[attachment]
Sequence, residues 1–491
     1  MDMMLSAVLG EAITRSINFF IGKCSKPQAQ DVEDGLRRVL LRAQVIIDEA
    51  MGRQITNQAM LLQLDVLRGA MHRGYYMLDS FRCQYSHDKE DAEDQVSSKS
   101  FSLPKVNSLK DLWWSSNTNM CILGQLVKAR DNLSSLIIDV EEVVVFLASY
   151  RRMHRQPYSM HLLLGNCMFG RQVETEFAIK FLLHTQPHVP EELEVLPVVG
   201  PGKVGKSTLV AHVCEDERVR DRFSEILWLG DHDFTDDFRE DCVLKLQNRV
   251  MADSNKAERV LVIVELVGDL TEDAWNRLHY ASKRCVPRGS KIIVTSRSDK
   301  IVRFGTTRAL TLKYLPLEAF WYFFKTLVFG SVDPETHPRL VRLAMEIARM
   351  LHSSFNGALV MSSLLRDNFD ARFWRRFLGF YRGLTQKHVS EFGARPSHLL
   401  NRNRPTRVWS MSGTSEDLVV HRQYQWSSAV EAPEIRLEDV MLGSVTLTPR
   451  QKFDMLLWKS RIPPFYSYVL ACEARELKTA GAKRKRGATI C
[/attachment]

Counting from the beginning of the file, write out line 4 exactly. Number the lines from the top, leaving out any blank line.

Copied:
   101  FSLPKVNSLK DLWWSSNTNM CILGQLVKAR DNLSSLIIDV EEVVVFLASY